Making optimistic predictions either makes you look foolish if bad things happen or be forgotten if nothing bad happens.
BlackRock Inc., the world’s largest asset manager, suggests investors should abandon portfolios made up of 60% stocks and 40% bonds, a mix that has been a standard for six decades.
Perhaps the most famous trading experiment ever conducted was when commodities investor Richard Dennis bet his partner William Eckhardt in 1983 that he could train a group of amateurs – dubbed “the Turtles” -- to be successful futures traders.
As 2022 draws to a close, it’s natural to think about what to expect from 2023. I’m primarily interested in technology.
The dispiriting thing about the Securities and Exchange Commission’s 400-page proposal to re-engineer financial markets, and the response from outside the agency, is that lawyers and economists are arguing over questions that have easy technical solutions.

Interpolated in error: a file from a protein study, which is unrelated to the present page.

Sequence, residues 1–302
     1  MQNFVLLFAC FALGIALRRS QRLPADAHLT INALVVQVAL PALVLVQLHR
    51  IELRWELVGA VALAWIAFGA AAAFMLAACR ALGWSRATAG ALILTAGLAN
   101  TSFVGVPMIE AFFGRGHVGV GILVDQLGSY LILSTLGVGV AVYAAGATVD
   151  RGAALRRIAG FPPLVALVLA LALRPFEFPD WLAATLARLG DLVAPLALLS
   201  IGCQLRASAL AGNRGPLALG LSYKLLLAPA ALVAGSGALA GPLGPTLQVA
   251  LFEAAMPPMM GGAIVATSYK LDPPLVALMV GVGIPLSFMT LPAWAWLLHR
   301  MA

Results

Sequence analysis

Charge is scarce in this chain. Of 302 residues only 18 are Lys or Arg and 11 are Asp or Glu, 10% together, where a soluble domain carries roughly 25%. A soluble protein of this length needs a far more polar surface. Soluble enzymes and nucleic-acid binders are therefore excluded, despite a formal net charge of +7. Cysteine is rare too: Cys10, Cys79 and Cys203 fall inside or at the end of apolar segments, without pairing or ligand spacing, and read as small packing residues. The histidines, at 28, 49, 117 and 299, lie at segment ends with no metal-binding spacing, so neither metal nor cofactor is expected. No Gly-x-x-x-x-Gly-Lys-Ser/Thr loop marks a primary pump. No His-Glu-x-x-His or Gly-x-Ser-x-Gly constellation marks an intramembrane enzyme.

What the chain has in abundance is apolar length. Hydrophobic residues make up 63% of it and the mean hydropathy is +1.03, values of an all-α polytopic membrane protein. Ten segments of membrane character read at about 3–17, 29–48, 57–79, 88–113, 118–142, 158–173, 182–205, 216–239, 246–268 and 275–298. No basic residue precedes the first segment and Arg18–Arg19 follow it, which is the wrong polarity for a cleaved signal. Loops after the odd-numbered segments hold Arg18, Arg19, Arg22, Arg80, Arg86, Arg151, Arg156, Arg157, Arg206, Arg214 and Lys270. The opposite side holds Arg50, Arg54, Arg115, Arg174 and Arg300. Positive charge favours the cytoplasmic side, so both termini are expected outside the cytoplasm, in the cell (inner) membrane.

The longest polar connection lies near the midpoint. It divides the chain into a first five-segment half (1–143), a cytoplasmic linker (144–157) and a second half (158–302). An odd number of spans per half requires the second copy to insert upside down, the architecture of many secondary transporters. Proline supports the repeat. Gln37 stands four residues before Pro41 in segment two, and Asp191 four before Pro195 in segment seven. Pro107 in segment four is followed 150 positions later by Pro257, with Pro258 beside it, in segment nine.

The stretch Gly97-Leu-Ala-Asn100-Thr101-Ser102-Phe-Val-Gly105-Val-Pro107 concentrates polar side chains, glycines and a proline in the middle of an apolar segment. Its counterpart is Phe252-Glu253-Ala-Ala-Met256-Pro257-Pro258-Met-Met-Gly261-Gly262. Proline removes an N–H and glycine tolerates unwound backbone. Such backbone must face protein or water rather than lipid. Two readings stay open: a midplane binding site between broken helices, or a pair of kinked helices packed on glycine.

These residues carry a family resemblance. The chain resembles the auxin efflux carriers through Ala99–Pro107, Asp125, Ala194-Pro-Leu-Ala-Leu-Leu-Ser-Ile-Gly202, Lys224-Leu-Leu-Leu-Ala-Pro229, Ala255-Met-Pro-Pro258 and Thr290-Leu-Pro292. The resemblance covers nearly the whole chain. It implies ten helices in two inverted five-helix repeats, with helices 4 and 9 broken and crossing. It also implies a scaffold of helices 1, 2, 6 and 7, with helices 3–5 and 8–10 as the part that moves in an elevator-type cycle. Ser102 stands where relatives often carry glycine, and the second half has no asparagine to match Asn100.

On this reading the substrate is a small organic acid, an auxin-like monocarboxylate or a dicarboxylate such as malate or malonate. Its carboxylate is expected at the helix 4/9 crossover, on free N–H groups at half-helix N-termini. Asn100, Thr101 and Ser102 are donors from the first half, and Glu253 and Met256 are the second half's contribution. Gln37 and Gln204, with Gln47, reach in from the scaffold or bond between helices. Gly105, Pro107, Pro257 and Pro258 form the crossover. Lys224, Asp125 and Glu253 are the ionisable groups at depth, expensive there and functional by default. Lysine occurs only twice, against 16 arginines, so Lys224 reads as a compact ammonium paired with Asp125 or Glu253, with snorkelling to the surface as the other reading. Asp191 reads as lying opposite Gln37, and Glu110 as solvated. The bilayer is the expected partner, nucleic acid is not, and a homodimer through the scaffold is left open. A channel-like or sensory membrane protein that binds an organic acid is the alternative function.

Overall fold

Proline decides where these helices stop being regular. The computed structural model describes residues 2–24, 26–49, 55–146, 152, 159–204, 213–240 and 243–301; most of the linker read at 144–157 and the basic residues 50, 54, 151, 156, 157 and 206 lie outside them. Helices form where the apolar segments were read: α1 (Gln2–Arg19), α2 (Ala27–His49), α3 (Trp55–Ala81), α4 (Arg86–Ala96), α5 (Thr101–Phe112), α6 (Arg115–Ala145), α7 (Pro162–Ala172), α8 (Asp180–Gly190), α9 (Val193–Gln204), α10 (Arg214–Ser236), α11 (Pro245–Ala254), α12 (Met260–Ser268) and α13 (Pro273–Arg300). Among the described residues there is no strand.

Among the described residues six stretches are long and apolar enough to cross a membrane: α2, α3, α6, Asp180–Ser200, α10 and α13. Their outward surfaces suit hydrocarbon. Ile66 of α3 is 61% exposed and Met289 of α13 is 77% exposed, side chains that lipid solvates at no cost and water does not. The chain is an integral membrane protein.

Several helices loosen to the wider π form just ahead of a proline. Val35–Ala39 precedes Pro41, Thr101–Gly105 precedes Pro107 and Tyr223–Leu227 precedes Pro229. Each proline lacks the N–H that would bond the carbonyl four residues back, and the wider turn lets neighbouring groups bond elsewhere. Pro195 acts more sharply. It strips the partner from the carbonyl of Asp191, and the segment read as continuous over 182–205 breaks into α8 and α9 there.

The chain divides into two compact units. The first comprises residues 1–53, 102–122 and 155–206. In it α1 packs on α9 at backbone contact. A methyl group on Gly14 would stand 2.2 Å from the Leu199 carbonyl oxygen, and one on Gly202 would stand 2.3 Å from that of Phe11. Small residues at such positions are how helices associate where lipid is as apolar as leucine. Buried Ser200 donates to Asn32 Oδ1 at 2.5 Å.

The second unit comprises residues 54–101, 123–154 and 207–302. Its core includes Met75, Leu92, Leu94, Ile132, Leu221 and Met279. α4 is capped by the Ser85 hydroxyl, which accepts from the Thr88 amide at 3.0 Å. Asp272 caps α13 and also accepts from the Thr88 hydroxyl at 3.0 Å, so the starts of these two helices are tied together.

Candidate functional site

From the earliest days of artificial intelligence (AI) and machine learning (ML) in the 1950s, practitioners have spoken of using it for investment fund management.
A yield curve inversion, when rates for two-year US Treasury notes rise above those for 10-year notes, has preceded every recession since the 1960s. The first clear inversion in 15 years happened in July 2022, although there were brief and shallow inversions in August 2019 and April 2022.
Any time you neglect to maximize diversification, whether to chase active management, indulge personal intuition or save trouble, you need to think carefully about whether you are getting paid enough for the additional risk.